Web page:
Fun Solutions for, “Help, I’m Bored” This Summer.

Fun Solutions for, “Help, I’m Bored” This Summer.

Shhhhh….  Listen closely…Can you hear it?  It’s the battle cry of summer. As the first lazy days fade into a rut and the excitement of freedom begins to wane, moms and dads everywhere hear the same refrain.  Sometimes we hear it seemingly a hundred times a day.

“There’s nothing to do!!  I’m BORED!”

Now, I am a big proponent of letting your kids be bored sometimes, because periods of boredom often lead to some of the most creative bursts of play.   But every Mom, Dad, Grandparent or care giver around can use a little help once in a while in providing that extra push when the kids have used up all the ideas they can think of.  

First, let’s start with the basics.  Summer is free time, yes, but that doesn’t mean all learning has to end.  Summer days are some of the best reading days. And talk about a boredom buster… Inside the pages of a book are adventures just waiting to be had!  Make a cozy spot in the house by setting up a basket of books, a beanbag or blanket (even build a blanket fort if you have the space for it!) and let them read!   If you allow a more relaxed bedtime schedule in the summer, offer up flashlights and let them read in the dark in bed for a bit before lights out. If you have young readers or pre readers, allow older siblings to read to them every day.   Which reminds me; children of all ages thrive on being read to aloud. Invest some time every day…twenty or thirty minutes … and read to your kids. (This is in addition to independent reading time.) Find a book or a topic that you can all enjoy and have a family read aloud time.  If you absolutely can’t find the time to have a family read aloud, the library offers a great selection of audio books that you can check out and give a listen.

If you need ideas on what to read, most schools, and even some local businesses, offer summer reading lists and programs. Or, hit the library and load up on books of a certain topic that your children are interested in.  Make sure you choose books from various reading levels too, as this helps to expose even your youngest readers to a wide source of information on the topic.

In our family, we love art.  Some of us are better at it than others, but it’s always fun and an easy way to be occupied for a while.   To be honest, in gathering art supplies, dollar stores will be your best friend. I have an entire basket loaded with different materials that are strictly from various dollar stores.  Pair those things with a few quality art supplies and other open ended items and you have the makings for a treasure trove of imagination. Examples of supplies to have on hand are glitter, glue, play dough, pipettes, markers, scissors, pipe cleaners, googly eyes, straws, toothpicks, mini marshmallows, empty cardboard tubes from paper towel or toilet paper, plastic disposable cups, pom-pom balls, cotton balls, tempera paints, solid watercolors, paper, popsicle sticks, sugar cubes, marbles or bouncy balls, plastic spoons, rubber bands, q-tips, and string.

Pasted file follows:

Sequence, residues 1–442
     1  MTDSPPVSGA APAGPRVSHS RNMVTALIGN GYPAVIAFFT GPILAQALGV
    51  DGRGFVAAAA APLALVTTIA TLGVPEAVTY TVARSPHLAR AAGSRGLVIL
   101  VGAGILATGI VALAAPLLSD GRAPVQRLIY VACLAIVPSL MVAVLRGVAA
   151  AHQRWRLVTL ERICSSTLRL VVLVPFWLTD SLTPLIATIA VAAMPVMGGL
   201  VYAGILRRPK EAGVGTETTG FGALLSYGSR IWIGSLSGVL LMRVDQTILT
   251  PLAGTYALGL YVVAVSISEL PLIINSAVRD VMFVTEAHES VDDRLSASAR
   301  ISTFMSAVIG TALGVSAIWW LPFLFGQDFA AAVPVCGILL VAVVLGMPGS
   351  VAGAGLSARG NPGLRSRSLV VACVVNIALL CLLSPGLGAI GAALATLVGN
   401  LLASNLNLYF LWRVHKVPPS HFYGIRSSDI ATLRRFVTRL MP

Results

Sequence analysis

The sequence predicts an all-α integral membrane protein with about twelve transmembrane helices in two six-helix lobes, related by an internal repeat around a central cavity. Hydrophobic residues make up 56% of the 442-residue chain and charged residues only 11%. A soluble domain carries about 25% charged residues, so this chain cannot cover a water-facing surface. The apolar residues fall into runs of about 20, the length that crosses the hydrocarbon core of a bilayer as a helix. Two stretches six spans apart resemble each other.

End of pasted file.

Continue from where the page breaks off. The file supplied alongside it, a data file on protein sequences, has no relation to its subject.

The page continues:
Many of these supplies can be used not only for art, but for STEM/STEAM activities as well. Some ideas for how to use them for quick challenges are:  pyramid building, marble runs, maze building, straw rockets, bridge building, toothpick and marshmallow structures, catapult building, paper plane races, or structure challenges.

Having a “Minute to Win It” basket on hand is another easy idea that can save your sanity when the natives are restless and you need them to have something fast and fun to do. Many of the items from your art basket can be used here also, which is a money saving bonus!  Choose from the items listed previously that fit some of the games you want to offer. Write out the games on index cards and the kids can draw from the stack and complete the various challenges. Simple ideas are: cup stacking (it’s a favorite with my kids), pom-pom ball races, stack the dice, chubby bunny, or a q-tip war.  

When my oldest, who is now fourteen, was young, I created two activity jars by filling small jars with strips of colored paper.  On each strip we wrote an activity that he would like to do and placed them in each jar. We had a summer fun jar and a rainy day jar.  Our activities included things like blanket fort building, popcorn and a movie day, nature walk, scavenger hunt, laser maze (which was just taping red crepe paper in crazy lines up and down our hallway and him having to weave through the “laser beams” like a secret agent), nerf war, silly string war, play in the hose, park day, look at the stars, hopscotch, sidewalk chalk, have a picnic, and play a game.   Other options might include: a “Together” or “By Yourself” jar, a “Create”, “Explore”, or “Wacky Science” jar could be a load of fun. My favorite would be a “Random Acts of Kindness” jar, which is a great tool for helping kids of all ages focus on others. Ideas there could range from baking cookies for an elderly neighbor to playing checkers with a younger sibling. Go to the park and pick up trash or visit residents at a nursing home.   Jars can easily be tailored to all ages and can center on things they can do independently, with a parent/caregiver, or a mix of both. When boredom strikes and they have exhausted their own options, draw out an activity from the jar.

Whatever you do, make the most of this summer by offering your kids options that lead to creative play.  At any age, play is one of the best learning tools there is. Let them create and explore and be messy. You never know where their exploration might lead them someday.      

 

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